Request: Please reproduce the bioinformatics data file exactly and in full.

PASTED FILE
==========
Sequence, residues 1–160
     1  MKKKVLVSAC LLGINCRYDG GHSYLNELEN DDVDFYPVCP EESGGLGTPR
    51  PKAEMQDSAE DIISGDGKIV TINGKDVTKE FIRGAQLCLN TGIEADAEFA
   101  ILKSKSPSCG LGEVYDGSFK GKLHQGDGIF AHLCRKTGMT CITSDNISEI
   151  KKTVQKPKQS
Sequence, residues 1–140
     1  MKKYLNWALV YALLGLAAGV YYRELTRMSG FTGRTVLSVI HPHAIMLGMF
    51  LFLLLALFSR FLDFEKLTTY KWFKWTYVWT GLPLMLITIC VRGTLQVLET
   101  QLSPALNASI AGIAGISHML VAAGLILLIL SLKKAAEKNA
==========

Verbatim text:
Sequence, residues 1–160
     1  MKKKVLVSAC LLGINCRYDG GHSYLNELEN DDVDFYPVCP EESGGLGTPR
    51  PKAEMQDSAE DIISGDGKIV TINGKDVTKE FIRGAQLCLN TGIEADAEFA
   101  ILKSKSPSCG LGEVYDGSFK GKLHQGDGIF AHLCRKTGMT CITSDNISEI
   151  KKTVQKPKQS
Sequence, residues 1–140
     1  MKKYLNWALV YALLGLAAGV YYRELTRMSG FTGRTVLSVI HPHAIMLGMF
    51  LFLLLALFSR FLDFEKLTTY KWFKWTYVWT GLPLMLITIC VRGTLQVLET
   101  QLSPALNASI AGIAGISHML VAAGLILLIL SLKKAAEKNA